Evaluate Your Not-For-Profit’s Effectiveness

Can’t remember the last time you considered the effectiveness of your organization? Now is probably a good time. If after evaluating you discover that your organization has some areas for improvement, considering asking yourself the five questions below. Addressing these questions and areas may help you create a more effective nonprofit organization.

  1. Are we communicating our organization’s accomplishments?

    Many organizations make a lot of effort to communicate how much money they’ve raised, and how they use their funds. The focus seems to mostly be on the money and percentages. And while it’s important to communicate this information, don’t forget to talk about what your organization is actually doing. How are you carrying out the mission of your organization? What key accomplishments has your organization achieved? Place a greater emphasis on communicating your organization’s accomplishments.

  2. Is our organization’s board of directors actively engaged in the organization?

    When you conduct board meetings, do you sense that your board in engaged in the meeting? Are your board members asking questions and providing insight on how to strengthen the organization? Are they participating in and attending organization activities and fundraisers? If you can’t provide answers to these questions or the answer is “no,” then maybe you need to evaluate how you’re communicating and interacting with your board. A strong, engaged board can help drive the effectiveness of your organization.

  3. Is our organization’s mission and vision statements clearly defined and communicated to our audiences?

    If you were to survey your donor base, prospective donors, volunteers and others throughout the communities you serve, would you find that people understand your organization and its mission? Not sure what kind of responses you would get? One reason that your organization may not be as effective as it could be is because your audiences may not fully understand the mission and vision of your organization. Take a look at your mission and vision statements and see if you need to make some revisions.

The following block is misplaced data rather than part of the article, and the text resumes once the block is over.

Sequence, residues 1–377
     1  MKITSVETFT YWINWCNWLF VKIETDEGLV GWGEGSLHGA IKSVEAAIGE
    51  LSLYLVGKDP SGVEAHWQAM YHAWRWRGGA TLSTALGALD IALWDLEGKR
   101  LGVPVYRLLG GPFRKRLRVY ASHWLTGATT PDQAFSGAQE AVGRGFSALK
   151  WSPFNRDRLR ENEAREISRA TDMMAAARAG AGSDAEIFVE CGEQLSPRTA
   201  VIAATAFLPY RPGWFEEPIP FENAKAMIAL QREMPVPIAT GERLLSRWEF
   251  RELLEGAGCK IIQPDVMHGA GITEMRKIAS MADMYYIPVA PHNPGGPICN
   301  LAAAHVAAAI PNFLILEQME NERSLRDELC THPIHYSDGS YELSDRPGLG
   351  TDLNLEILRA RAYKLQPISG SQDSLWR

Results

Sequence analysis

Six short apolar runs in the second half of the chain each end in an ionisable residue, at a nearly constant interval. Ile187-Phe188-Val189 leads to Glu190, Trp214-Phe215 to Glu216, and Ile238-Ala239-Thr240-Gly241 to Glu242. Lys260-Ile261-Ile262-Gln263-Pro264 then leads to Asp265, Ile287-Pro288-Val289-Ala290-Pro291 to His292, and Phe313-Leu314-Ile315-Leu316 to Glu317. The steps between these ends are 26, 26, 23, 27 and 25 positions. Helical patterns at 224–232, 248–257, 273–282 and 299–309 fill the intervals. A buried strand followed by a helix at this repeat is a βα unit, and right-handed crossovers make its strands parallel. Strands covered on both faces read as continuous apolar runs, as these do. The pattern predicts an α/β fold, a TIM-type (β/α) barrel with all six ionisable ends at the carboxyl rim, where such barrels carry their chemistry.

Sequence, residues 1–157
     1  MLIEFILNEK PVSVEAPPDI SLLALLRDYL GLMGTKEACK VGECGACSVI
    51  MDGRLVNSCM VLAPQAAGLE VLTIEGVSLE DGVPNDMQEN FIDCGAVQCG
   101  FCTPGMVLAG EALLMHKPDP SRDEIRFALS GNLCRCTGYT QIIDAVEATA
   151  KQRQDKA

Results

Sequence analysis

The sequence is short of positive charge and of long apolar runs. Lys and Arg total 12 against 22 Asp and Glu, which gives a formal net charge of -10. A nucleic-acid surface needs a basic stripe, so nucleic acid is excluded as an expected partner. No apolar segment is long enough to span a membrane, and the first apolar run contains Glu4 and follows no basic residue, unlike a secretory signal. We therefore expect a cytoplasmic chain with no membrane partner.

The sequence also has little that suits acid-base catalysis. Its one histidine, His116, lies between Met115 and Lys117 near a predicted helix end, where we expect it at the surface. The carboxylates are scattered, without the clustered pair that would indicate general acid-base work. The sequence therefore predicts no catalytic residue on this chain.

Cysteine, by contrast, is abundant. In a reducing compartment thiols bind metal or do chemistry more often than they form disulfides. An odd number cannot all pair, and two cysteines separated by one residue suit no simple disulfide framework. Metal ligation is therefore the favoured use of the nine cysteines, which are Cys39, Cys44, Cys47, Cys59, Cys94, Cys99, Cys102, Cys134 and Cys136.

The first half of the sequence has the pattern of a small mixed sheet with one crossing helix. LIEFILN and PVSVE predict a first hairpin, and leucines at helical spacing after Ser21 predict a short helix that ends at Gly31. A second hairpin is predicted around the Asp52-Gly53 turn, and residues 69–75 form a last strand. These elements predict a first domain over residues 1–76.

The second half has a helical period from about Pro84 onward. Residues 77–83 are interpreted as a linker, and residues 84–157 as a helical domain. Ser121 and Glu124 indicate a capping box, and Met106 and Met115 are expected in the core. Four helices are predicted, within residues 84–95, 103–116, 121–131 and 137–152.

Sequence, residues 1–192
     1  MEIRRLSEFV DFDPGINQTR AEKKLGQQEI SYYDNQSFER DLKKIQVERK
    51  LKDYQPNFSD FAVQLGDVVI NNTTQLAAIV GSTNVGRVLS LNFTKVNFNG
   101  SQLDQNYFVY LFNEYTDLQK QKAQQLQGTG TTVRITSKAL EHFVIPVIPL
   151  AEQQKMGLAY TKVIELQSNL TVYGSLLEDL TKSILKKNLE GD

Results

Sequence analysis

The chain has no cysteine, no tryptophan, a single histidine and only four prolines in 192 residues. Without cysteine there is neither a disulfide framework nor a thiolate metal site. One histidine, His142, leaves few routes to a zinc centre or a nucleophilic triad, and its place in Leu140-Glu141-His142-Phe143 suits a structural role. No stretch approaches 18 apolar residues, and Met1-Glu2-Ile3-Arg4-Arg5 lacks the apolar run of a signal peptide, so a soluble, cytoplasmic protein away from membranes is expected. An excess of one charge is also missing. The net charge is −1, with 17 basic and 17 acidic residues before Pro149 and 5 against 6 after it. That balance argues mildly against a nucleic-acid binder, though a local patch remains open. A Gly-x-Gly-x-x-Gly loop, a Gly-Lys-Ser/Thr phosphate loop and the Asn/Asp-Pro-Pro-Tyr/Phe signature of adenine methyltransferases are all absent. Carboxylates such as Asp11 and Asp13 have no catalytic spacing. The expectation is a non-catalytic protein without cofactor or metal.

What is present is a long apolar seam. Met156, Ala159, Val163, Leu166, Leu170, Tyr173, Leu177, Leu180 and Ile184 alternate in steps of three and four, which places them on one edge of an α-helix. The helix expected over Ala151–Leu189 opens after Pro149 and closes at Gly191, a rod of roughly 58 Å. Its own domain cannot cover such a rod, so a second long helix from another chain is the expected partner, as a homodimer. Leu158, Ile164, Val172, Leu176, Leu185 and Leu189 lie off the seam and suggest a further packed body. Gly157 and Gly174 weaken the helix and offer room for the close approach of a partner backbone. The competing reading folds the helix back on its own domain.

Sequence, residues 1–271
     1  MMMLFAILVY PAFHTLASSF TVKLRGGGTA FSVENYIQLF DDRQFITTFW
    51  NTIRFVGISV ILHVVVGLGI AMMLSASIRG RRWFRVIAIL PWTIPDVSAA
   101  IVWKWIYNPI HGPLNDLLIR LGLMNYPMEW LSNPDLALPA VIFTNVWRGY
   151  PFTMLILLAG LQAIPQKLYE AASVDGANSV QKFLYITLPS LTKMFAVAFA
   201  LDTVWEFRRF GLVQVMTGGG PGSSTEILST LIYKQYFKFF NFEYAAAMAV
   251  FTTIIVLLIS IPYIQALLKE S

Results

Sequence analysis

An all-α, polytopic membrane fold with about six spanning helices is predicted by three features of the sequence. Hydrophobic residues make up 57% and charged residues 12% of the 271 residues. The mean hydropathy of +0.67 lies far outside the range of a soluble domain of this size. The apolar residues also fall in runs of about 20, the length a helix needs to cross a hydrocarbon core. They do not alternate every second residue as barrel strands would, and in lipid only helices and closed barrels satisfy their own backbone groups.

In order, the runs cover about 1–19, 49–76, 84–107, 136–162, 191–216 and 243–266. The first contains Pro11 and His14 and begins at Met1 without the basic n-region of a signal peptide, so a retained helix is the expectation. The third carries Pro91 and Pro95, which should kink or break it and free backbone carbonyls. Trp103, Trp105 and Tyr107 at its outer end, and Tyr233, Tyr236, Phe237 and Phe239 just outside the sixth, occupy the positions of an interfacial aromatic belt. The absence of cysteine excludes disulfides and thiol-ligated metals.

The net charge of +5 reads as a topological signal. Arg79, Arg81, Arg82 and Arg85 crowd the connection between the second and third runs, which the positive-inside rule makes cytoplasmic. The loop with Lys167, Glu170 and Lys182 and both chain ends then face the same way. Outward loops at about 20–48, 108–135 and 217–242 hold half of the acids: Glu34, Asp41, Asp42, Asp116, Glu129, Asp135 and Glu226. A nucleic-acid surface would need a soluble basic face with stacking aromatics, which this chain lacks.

4. Do we clearly and timely communicate to our board of directors?

    This question really ties into whether or not you feel like you have an engaged board. One of the reasons you may not have an engaged board is because you’re not clearly and timely communicating with them. If there are important decisions that need to be made, make sure that you providing them with the necessary information to make the decision within a timely manner.

  5. How strong are our organization’s internal controls?

    Unfortunately, internal fraud is a real concern within nonprofit organizations. Few nonprofits have strong internal controls. As organizations grow, the internal controls need changing. Make sure the controls are operating at a level that will deter and detect fraud. Establish a code of conduct that will create a clear understanding of what is expected of all employees. Even if your organization only has a few employees, it is still possible to implement a system of checks and balances. These controls should help safeguard assets, produce accurate reports and improve administrative effectiveness. 

Ohio Non-For-Profit Help

Effective nonprofit organizations are impacting the communities they serve. If you are questioning the effectiveness of your organization, contact Rea & Associates. Our Ohio non-for-profit team can help you evaluate your organization and where you can increase your efficiency and effectiveness.

Author: Mark Van Benschoten, CPA (Dublin office)

 

Looking for more nonprofit organization tips and best practices? Check these blog posts out:

Which 990 Policies Do Non-Profits Need?

How Do You Build a Strong Not-for-Profit Board?

How Do You Protect Your Non-profit’s Donations from Fraud?

 

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What You Need To Know About Obamacare Employee Dumping

Joe Popp | June 5th, 2014